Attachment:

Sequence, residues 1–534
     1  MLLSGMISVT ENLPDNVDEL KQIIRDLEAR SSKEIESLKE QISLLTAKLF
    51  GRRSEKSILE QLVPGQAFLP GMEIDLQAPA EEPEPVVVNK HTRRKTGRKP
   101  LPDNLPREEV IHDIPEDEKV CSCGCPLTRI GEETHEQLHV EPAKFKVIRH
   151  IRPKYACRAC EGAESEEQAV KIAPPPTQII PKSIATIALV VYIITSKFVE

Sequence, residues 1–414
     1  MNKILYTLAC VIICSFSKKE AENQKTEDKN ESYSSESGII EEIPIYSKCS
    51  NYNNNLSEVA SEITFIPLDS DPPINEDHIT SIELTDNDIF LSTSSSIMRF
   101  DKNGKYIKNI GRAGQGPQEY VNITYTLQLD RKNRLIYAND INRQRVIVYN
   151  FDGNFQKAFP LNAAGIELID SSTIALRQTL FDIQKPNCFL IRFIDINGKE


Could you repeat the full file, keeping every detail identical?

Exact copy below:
Sequence, residues 1–534
     1  MLLSGMISVT ENLPDNVDEL KQIIRDLEAR SSKEIESLKE QISLLTAKLF
    51  GRRSEKSILE QLVPGQAFLP GMEIDLQAPA EEPEPVVVNK HTRRKTGRKP
   101  LPDNLPREEV IHDIPEDEKV CSCGCPLTRI GEETHEQLHV EPAKFKVIRH
   151  IRPKYACRAC EGAESEEQAV KIAPPPTQII PKSIATIALV VYIITSKFVE

Sequence, residues 1–414
     1  MNKILYTLAC VIICSFSKKE AENQKTEDKN ESYSSESGII EEIPIYSKCS
    51  NYNNNLSEVA SEITFIPLDS DPPINEDHIT SIELTDNDIF LSTSSSIMRF
   101  DKNGKYIKNI GRAGQGPQEY VNITYTLQLD RKNRLIYAND INRQRVIVYN
   151  FDGNFQKAFP LNAAGIELID SSTIALRQTL FDIQKPNCFL IRFIDINGKE